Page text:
For people who were eagerly awaiting the launch of the Nexus 4, the lack of 4G support in the device came as a huge disappointment. It can be considered to be a step in the reverse direction, which can be suicidal in this era of cutthroat competition between smartphone companies. Leaving out LTE support in its flagship smartphone was a “tactical decision”, according to Google’s Andy Rubin.
Taking into account the carrier trouble Google went through while releasing the Jelly Bean update; the decision to remove support for LTE can be explained to some extent. Google does not like the fact that all software updates for a 4G enabled phone have to be approved by carriers first, which almost always delays the availability of the update to the users. Google also reasoned that late availability of updates, and poor battery life in LTE enabled handsets presents a bad user experience. But poor battery can hardly be considered as an excuse at a time when all other smartphone manufacturers have achieved some success in balancing good performance and battery life. Many handsets today, including the iPhone 5 and Droid Razr Maxx HD, have good battery life and LTE support.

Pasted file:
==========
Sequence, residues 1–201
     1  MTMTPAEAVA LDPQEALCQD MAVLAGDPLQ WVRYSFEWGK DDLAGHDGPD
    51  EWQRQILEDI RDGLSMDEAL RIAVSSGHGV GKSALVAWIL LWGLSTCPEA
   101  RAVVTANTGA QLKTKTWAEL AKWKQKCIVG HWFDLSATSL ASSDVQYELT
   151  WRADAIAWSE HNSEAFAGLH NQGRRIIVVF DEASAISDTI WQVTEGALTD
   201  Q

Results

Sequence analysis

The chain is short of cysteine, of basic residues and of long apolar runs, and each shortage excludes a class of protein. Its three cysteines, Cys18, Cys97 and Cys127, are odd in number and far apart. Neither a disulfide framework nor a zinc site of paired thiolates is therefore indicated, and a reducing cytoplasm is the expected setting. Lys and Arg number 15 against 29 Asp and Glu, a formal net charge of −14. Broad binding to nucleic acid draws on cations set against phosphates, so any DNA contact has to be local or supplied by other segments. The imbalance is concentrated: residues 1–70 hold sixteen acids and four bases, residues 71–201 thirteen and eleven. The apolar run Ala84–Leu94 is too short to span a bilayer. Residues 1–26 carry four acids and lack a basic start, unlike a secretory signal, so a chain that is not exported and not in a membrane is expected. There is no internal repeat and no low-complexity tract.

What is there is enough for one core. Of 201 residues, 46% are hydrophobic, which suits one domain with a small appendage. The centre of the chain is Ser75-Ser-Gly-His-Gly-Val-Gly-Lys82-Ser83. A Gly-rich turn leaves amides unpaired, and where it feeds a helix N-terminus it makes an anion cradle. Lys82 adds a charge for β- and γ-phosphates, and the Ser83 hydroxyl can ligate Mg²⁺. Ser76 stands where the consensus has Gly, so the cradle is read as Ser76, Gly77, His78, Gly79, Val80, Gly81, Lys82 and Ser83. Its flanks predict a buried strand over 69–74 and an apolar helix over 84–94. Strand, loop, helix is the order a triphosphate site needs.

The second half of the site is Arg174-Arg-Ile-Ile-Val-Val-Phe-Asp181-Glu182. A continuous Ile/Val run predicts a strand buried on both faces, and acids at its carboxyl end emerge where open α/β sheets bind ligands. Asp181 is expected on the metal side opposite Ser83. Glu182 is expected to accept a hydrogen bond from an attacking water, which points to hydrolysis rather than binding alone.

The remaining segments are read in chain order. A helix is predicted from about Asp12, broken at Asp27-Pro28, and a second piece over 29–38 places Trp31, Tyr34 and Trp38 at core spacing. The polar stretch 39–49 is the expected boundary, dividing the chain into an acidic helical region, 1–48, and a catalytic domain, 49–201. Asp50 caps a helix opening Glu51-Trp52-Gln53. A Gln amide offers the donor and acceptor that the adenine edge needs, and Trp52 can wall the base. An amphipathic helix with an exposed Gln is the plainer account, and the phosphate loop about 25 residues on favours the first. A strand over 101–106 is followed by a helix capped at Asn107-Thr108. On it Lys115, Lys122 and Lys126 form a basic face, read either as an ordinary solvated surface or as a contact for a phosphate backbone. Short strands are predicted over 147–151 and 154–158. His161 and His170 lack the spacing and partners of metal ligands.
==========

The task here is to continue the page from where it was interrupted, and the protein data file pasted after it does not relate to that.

The most convincing reason behind this unusual decision has to be Google’s ambition to build a global device. Building support for all LTE networks into a single device is a challenging task, and even then it won’t provide a satisfying user experience because of increased cost and reduced battery life. A simple HSPA+ smartphone will work anywhere in the world, and will be able to receive updates in a timely manner, without any intervention from carriers.
Logical or not, Google’s decision has upset many buyers who are now looking forward to Samsung and Motorola for LTE enabled devices. But if you are not perturbed, the Nexus 4 is a killer device, available at only $299 without a contract.